Mothertongue – Unsongs
It’s been a year of contrasts for BEM, from Jack Arthurs to N.y.X David Elliot hasn’t let the grass grow under the labels feet, and for sheer joie de vivre you don’t get much better than Mothertongue.
Mixing the joy of Ska, the anthemic quality of folk rock and some odd prog bits, Mothertongue throw everything (including the kitchen sink) into the musical mix to create a sound that puts a big daft grin on your face, and some toe tapping music.
Manchester based 6 piece band Phil Dixon (guitar, backing vocals) Will Holden (bass, backing vocals, saxophone) Andy Malbon (trumpet, cornet, backing vocals) John Simm (drums, percussion, programming, synths, backing vocals) Louis Smith (vocals, guitar, synths, ukulele) and Mark Wall (guitar, mandolin, violin, synths, backing vocals) combine their sheer musical skill and powerful energy into one noisy fantastic euphoric sound.
The great lyrics to The Devil Can Steer sets the album off at one hell of a pace, and the Ska sound runs through this track like the word Scarborough does through rock, whilst the brilliant titled A Poem that the Sky Wrote with its jagged guitar and vocals sounds like a Polyphonic Spree track recorded by Young Americans era Bowie, in fact the impact of the brass section on this album of prog/pop does for the genre what pioneering folk rockers the Home Service did to that genre with their sound.
Coming from t’North Brass runs through my blood like Sam Smiths best bitter runs from my glass, and so when the brass section kicks in on the album it’s a joy to hear.
The way this six piece manage to make a sound that makes you think there’s at least a dozen of them is wonderful, and the way they flip between prog, pure pop, psych and brass, like the wonderful Perfect Zero is nothing short of genius.
Whilst Nautilus manages to mix disco, samba and funk into one catchy tune before an amazing rock interlude kicks in and the chorus blasts out.
Whilst the ensemble vocals and brass on Shango with its percussive power is superb.
The musical dexterity and power that this band bring to their music is astonishing, and the way they mix and hop from rock, to prog to Ska and back has to be heard to be believed, and if you want a joyous album to put a smile on your face, and revel in the music then this is a fantastic summer record.
Perfect to put a smile on your face as you walk in the English rain!
We Are Kin <and_I_know>
I’ve been waiting for this album, since We Are Kins debut Pandora was released, al album that appeared as if by magic in my in box one day, and was so powerful that I had to buy the physical CD. For me it was one of the albums of last year, a finely realised debut concept about the Pandora project, and this, their second album is also set in that world, and (spoiler alert features the return of wonderful voice of Alex Dunedin as Isaac…. but I will say no more!) having coalesced around the four piece quartet of Dan Zambas (guitars/keyboards/vocals) Gary Boast (drums/production) Lee Braddock (bass) and new vocalist Emma Brewin-Caddy this is a confident and bold album.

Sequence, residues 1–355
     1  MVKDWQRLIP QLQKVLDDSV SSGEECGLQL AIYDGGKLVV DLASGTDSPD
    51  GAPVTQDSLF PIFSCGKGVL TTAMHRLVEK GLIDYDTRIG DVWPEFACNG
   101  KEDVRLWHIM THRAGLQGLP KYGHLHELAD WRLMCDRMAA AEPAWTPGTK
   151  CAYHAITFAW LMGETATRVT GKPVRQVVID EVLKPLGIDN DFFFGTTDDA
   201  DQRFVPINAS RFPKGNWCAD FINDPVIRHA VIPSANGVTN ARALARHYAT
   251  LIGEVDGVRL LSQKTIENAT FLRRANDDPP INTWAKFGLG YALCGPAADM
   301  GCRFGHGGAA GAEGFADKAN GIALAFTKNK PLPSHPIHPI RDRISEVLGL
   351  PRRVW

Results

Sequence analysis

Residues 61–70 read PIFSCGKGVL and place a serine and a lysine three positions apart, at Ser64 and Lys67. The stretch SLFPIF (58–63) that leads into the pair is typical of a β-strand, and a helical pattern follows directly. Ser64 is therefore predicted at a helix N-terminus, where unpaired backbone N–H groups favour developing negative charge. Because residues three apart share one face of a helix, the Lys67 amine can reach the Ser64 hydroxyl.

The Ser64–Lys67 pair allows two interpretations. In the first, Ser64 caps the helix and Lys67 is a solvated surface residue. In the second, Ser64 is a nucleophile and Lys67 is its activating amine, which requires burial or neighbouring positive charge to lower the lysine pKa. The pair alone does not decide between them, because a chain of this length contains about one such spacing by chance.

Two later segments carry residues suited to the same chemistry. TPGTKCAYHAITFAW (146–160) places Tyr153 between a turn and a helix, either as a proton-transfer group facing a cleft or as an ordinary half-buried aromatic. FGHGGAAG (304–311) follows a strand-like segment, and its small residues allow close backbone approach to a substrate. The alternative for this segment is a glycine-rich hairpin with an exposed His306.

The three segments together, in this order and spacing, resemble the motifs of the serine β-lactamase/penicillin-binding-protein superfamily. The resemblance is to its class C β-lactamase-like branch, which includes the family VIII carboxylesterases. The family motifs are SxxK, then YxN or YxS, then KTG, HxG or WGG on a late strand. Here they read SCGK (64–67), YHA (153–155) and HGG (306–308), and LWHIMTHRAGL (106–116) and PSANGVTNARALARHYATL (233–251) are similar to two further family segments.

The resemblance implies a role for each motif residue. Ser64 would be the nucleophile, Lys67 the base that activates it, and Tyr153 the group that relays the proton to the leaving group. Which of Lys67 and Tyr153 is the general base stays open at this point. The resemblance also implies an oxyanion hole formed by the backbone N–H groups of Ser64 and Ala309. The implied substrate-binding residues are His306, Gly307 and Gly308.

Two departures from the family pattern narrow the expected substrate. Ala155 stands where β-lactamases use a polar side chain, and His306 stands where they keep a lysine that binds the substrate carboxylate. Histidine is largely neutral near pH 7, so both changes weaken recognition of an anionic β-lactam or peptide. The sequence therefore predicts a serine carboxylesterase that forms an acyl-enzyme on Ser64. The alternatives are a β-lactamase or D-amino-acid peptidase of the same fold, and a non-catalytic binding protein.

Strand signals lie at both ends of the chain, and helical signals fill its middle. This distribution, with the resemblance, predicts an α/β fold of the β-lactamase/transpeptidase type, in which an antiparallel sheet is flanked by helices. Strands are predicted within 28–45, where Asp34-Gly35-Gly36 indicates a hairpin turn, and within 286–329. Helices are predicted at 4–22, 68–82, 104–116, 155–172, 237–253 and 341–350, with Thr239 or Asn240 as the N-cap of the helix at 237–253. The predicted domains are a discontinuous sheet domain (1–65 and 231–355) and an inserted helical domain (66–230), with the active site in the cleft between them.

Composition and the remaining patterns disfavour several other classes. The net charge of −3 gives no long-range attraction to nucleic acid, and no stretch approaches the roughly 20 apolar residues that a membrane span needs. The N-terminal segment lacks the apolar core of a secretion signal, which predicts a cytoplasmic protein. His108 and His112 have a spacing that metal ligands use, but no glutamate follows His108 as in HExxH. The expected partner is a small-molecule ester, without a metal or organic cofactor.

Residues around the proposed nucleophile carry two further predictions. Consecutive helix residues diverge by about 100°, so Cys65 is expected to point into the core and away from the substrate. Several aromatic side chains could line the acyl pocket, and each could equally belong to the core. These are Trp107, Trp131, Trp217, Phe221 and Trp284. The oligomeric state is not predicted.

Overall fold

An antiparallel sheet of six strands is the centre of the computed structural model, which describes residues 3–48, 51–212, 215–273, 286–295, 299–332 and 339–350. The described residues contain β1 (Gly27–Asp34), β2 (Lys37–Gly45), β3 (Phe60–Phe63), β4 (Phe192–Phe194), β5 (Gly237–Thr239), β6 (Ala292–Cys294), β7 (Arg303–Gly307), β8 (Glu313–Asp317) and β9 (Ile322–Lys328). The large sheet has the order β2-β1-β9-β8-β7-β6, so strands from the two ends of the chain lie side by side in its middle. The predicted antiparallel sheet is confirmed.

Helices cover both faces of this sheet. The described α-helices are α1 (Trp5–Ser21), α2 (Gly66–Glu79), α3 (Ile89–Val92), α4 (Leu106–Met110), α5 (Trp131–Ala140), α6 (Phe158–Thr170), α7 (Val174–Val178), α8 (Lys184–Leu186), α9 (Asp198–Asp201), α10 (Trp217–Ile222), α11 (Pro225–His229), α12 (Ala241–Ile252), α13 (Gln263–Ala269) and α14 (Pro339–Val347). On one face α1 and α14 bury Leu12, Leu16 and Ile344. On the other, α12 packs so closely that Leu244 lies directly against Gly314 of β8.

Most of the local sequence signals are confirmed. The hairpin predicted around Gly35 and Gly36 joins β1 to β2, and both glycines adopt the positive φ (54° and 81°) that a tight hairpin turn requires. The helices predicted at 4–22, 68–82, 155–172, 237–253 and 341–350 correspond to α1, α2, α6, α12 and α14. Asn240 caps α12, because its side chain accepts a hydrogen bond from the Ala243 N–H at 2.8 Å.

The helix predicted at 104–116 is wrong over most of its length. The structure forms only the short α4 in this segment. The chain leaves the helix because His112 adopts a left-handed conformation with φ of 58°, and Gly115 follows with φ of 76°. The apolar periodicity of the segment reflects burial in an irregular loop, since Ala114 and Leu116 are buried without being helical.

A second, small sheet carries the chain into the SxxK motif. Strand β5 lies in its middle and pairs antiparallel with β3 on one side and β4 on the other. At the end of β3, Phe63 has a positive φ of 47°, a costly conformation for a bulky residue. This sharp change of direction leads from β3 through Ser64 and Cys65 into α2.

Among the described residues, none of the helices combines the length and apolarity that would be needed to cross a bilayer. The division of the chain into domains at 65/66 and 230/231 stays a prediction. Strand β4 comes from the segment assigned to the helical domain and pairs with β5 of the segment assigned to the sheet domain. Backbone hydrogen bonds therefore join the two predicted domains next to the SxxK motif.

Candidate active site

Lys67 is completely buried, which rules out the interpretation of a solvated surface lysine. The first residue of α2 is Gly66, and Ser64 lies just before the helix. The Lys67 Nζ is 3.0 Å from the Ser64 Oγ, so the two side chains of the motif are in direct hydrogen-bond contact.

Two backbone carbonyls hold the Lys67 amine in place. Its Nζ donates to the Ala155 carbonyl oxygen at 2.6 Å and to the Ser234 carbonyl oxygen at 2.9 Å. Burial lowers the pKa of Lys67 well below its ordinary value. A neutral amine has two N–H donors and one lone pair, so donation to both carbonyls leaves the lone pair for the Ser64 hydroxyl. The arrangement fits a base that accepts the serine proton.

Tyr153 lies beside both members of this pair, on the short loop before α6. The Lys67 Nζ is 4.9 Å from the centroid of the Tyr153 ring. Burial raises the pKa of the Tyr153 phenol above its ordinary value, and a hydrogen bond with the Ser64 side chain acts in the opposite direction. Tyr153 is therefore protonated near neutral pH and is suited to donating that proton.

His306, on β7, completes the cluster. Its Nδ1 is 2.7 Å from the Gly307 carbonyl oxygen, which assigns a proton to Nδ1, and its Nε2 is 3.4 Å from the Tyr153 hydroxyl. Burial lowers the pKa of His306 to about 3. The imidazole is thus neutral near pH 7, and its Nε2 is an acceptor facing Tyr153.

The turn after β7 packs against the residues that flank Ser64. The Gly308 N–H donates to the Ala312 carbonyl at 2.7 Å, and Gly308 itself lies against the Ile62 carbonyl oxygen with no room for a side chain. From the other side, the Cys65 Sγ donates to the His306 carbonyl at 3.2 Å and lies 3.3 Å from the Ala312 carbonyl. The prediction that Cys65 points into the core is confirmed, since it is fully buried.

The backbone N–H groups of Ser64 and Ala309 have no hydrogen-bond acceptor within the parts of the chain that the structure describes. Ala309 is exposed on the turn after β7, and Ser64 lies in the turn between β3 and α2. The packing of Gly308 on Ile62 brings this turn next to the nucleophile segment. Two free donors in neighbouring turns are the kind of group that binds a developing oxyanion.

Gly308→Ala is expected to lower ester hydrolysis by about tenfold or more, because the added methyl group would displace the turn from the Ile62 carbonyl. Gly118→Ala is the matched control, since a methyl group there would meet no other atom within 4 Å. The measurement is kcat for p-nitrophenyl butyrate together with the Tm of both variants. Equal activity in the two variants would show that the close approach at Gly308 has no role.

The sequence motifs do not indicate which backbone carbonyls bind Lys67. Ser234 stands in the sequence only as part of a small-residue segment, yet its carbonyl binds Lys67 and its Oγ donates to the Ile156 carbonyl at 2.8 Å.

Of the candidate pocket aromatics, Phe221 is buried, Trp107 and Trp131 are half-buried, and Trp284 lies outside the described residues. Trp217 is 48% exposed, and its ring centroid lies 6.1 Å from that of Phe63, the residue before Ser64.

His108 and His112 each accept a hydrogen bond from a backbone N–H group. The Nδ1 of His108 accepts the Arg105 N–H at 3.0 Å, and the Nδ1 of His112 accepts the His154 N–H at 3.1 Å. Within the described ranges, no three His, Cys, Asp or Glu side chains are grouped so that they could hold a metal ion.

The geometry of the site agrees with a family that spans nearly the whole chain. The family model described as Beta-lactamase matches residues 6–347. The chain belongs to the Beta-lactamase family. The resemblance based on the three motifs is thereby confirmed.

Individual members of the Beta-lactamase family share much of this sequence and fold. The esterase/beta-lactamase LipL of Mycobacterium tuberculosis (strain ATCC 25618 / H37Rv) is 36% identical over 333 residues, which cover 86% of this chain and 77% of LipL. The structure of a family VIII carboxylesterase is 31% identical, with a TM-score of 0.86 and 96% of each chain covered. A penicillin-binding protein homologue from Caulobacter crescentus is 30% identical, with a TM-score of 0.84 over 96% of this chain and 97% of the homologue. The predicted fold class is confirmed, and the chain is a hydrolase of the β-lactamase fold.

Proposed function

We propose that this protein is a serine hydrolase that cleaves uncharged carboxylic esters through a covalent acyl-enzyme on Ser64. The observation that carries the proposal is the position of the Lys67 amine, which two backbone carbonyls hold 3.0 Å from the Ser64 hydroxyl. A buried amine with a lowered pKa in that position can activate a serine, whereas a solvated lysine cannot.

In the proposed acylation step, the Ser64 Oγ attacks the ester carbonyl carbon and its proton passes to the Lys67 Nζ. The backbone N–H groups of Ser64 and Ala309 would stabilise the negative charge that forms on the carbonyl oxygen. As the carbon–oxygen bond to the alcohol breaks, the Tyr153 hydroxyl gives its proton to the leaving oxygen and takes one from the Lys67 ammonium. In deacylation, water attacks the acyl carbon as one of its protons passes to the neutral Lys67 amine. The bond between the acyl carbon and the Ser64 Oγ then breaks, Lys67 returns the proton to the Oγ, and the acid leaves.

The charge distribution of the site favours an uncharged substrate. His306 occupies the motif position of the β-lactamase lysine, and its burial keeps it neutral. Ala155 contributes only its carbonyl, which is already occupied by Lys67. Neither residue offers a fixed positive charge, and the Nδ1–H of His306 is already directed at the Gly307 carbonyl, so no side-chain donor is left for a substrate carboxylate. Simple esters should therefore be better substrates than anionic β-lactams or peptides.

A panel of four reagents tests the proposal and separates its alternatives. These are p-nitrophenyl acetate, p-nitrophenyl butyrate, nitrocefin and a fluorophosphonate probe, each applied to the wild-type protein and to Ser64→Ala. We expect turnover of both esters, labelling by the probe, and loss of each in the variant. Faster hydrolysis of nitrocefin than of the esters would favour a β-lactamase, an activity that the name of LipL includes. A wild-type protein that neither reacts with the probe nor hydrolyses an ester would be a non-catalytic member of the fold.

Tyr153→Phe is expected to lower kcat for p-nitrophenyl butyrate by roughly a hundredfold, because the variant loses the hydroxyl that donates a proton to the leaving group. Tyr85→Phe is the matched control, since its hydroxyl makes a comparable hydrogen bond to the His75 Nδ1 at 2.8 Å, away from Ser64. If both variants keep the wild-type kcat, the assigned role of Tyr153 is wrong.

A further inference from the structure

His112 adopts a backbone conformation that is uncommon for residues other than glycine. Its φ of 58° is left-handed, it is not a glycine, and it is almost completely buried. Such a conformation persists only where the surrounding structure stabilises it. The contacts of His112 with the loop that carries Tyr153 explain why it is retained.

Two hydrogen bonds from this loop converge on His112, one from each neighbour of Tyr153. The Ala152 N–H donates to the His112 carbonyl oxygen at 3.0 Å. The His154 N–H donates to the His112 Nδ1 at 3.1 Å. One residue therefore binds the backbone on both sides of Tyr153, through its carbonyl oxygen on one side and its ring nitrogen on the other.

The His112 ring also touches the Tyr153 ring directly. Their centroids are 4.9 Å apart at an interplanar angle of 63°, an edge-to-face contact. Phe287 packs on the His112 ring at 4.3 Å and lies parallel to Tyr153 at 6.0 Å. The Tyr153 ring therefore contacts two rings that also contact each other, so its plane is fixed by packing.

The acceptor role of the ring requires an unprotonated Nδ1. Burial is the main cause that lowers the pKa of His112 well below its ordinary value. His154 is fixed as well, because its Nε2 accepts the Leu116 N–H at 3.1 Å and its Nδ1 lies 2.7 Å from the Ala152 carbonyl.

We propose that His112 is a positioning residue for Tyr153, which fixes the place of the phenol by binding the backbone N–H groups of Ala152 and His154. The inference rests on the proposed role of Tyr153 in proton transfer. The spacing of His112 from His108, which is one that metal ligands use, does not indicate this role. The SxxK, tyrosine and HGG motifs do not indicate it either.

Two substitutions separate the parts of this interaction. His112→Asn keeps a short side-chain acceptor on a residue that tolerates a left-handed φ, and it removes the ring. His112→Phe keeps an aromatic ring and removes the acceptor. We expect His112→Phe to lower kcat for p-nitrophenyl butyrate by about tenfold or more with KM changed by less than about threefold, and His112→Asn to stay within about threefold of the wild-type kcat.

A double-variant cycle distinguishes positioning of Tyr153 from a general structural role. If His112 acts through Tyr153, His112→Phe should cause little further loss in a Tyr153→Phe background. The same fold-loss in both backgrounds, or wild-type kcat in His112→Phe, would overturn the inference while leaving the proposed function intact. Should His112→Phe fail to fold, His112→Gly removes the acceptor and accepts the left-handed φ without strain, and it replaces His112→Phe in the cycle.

Having received the download a while before it’s release (but after I pre-ordered the album, with the limited edition live album!) I decided that I would listen to both Pandora and then flow straight into <and_I_know> and boy does it work.
It’s the aural equivalent of binge watching boxed sets as the story just picks up where it’s left off, but with much stronger musical statements on here, and far more diverse sounds, the opener …that one day… starts with some fantastic guitar work and a brilliantly powerful percussive sound, then the bands new ace kicks in, when you have a vocalist as powerful and with such a range as Emma, then you use her as much as possible, and the way hers and Dans vocals fit together are superb, a wonderful contrast.
Throughout the album there are recurring motifs, and the eagle eyed among you will spot the way the album has been titled, and the name of the tracks that form the start, the middle, and the end of the album give what I suspect is the albums full title, and a phrase that is repeated several times on the album, one which has significance to Isaacs story.
The band have got a wider musical palette to play with on this album, and with them performing live shows and the reception Pandora got, I sense they are growing as a band with the concept.
Take the wonderfully late night jazz club vibe of No Evil, with some wonderful piano work, or Emma’s free form vocal improvisation over the starker elements of radio, where the band pare things down to a sparser darker less is more approach. Meanwhile one of the musical motifs from Pandora is revisited with some wonderful flute playing by Ramsey Janini accompanied by more of Dans fantastic piano on the haunting …we’ll have to say… Meanwhile reaper, with it’s fantastic guitar work, and more of Emma’s sublime vocals, has a very Floydian air about it, particularly Dans guitar solo, however that is the only real musical touch point to any other band. As We Are Kin sound like no-one else out there, from the distinctive vocals of Dan and Emma, to the musically rich tapestry that the band weave, and the tight narrative that allows the band to dictate there sound and not vice versa.
exhale, with more of Dans piano playing and Emmas vocals, echoes the way the album has been constructed, there are very few elements of bombast and the way the music has been composed is as much about the space between the performances, as the performances themselves, with a powerful finish.
…goodbye starts with the repetition of a lyrical phrase that has repeated across the album, and it’s a 12 minute epic that ties the whole album together, with some amazing musical performances from the band, fantastic guitar work and an amazing ensemble work to bring this part of the story to a close, and like all the best dramatic works or films in the cinema where you need to stay to the end, play close attention to the end of the album.
This is an assured and intelligent follow up to what is one of the strongest debut albums I have ever heard, and it moves the story on in new and musically interesting ways, and is a strong contender already for an album of the year.
I also need to mention the artwork for the album by Leon Arts and We Are Kin, which again flow from the debut albums work and is a superbly realised concept with shades of Hipgnosis about it.
If you were one of the lucky 500 who pre-ordered the album you also got a cracking limited edition live show from Manchester, where the Pandora material is brought to life in fine form.
I am hoping that they are going to do more shows, where they can tell the story so far to what will definitely be appreciative audiences.
I cannot state enough what a great album this is, and if you liked Pandora then this album will delight you as it takes the story to the next level.
The band have made massive leaps forward across both these albums, so I cannot wait to see where they take their sound next.
All albums are available from www.badelephant.co.uk